1969, The Year of Science
Norman Mailer had a busy 1969. At the age of 46, he had won two major awards that year – the Pulitzer and the National Book Award – for The Armies of the Night. In the process, he led a hyperactive campaign to try to win the election for Mayor of New York City, a campaign that failed spectacularly. In July, he was the reporter commissioned by Life to cover the moon mission of Apollo 11 from Houston. With his degree in aeronautical engineering from Harvard University, he was considered the best man for the job. But this was the age of the new journalism. Like Joan Didion and Hunter S. Thompson, he did not write what he saw as much as what he felt, experienced, lived through, imagined, extrapolated. The writing was unconstrained, freeing, a little crazy, passionate. His work began with an evocation of the death of Ernest Hemingway, Mailer’s God. Then the author evoked the upheavals that had shaken American since 1961.
Then, before turning his attention to the subject at hand, towards Armstrong, Aldrin and Collins, the heroes of this cosmic adventure, he gave himself a pen name, Aquarius (he was born on 31 January), which he used throughout this dense, verbose, rambling work that broke into thousands of pieces of interest. In his report, he drew on the literature on UFOs, and dealt pell-mell with the equipage used, and the German designer of the Saturn V rocket, on the Moon (which he called ‘Mond’ in German, so reminiscent of the French ‘Monde’ and the Dutch and Danish ‘Maan’ and ‘Maand’), the challenges and risks of this daring adventure, the wives of the astronauts, his own marriages, Kennedy, Nixon, art, Cezanne…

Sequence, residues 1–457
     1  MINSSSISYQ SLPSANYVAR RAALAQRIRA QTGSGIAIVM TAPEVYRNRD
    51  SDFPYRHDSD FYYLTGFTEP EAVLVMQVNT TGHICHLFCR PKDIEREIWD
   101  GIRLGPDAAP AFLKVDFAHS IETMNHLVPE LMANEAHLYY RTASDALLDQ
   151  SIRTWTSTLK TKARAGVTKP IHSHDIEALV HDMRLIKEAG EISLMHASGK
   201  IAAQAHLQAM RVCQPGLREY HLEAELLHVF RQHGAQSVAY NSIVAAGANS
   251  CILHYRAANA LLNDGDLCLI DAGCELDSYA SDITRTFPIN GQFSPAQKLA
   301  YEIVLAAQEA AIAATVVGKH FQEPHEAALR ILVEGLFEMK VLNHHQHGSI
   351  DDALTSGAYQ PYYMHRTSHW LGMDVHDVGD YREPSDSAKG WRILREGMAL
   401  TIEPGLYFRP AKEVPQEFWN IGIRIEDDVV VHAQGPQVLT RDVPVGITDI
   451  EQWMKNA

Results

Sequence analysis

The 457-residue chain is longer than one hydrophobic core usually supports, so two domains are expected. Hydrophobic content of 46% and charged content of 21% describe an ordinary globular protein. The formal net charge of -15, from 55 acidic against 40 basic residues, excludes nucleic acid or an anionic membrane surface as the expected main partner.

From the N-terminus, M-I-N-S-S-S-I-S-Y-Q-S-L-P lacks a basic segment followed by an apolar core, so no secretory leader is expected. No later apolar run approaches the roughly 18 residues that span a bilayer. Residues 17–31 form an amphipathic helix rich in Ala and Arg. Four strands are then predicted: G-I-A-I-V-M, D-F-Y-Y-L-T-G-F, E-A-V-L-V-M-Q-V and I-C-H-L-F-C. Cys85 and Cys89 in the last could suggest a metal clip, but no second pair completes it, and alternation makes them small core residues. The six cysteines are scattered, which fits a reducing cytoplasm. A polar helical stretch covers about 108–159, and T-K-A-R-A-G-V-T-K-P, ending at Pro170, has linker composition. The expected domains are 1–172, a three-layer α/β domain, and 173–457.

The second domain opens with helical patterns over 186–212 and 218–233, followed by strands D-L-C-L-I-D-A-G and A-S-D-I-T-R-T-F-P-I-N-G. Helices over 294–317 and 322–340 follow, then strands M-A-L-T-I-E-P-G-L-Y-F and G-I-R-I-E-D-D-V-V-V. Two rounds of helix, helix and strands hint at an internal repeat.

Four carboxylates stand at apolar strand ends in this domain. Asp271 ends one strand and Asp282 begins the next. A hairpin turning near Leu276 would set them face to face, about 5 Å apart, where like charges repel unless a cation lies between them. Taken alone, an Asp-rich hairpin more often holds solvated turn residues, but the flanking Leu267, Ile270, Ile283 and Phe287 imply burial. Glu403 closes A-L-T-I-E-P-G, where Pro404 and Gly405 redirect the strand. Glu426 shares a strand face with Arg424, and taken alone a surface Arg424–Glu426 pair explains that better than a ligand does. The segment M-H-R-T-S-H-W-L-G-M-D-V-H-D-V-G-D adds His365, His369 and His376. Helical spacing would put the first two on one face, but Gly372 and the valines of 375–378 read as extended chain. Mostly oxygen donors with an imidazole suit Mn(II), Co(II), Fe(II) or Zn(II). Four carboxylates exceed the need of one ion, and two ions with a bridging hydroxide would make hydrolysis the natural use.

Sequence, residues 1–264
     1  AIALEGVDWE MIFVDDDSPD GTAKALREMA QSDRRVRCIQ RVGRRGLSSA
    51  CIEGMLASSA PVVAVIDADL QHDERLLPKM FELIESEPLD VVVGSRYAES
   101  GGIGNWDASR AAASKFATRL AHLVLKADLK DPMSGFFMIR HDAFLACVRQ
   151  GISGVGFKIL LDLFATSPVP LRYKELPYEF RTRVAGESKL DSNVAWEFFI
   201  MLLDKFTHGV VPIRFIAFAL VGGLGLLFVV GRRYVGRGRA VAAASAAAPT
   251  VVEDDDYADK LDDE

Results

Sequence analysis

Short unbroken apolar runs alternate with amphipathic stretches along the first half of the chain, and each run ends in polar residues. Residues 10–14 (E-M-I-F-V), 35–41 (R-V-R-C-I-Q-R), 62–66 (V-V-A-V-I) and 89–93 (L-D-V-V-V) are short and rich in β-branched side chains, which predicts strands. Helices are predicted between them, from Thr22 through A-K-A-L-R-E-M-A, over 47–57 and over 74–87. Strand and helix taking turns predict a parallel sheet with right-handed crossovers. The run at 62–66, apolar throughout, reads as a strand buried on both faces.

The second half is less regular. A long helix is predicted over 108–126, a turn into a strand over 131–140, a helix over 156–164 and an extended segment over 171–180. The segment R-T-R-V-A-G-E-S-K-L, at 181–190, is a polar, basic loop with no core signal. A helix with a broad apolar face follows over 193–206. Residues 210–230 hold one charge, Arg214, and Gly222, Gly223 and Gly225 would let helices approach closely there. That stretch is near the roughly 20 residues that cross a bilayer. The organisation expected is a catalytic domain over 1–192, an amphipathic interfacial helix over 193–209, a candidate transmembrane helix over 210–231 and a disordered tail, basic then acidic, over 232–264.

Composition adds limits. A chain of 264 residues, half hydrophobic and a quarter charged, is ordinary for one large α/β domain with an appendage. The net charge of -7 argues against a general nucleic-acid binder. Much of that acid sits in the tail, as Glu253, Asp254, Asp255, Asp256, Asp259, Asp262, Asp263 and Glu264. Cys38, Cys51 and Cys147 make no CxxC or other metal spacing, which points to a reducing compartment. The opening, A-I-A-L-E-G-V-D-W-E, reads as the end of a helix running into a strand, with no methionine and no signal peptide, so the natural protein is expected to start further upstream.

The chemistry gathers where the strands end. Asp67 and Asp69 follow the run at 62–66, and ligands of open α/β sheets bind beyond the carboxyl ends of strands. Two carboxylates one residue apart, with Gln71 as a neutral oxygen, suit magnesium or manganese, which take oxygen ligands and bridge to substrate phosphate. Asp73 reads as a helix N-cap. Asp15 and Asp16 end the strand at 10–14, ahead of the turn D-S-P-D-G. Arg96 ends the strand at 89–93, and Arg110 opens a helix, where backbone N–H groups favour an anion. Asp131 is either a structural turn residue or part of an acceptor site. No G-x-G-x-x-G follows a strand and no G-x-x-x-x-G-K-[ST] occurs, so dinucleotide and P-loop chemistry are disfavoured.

For fanatic followers of Mailer and the Moon, a deluxe edition is now available: Moon Fire, sold in an beautiful box, and containing photographs from NASA and Life magazine.
On Earth as in Heaven
Here are four books for children who want to know everything about the first humans in space.
Novelistic. Even before being a technical challenge, the space race is above all a human adventure. Jim Lovell, a hero of successive Apollo missions, has penned a worthy novel. Those who dreamed of the Moon followed the path of this pioneer who succeeded in bringing back the infamous Apollo 13 safely to Earth. A documentary chapter links up the story with historical fact. (Suitable for children 11 years onwards.)
Crazy. Gravitas is not Frank Cottrell Boyce’s cup of tea. There are those who see him as the successor to Roald Dahl, but that doesn’t stop him from addressing the world through teen books that conceal accuracy under a layer of cheery good humour. Cosmic describes the adventures of Liam Digby, a boy whose adult appearance enables him to participate in a contest seeking to groom the world’s youngest astronaut. (Suitable for children 13 years onwards.)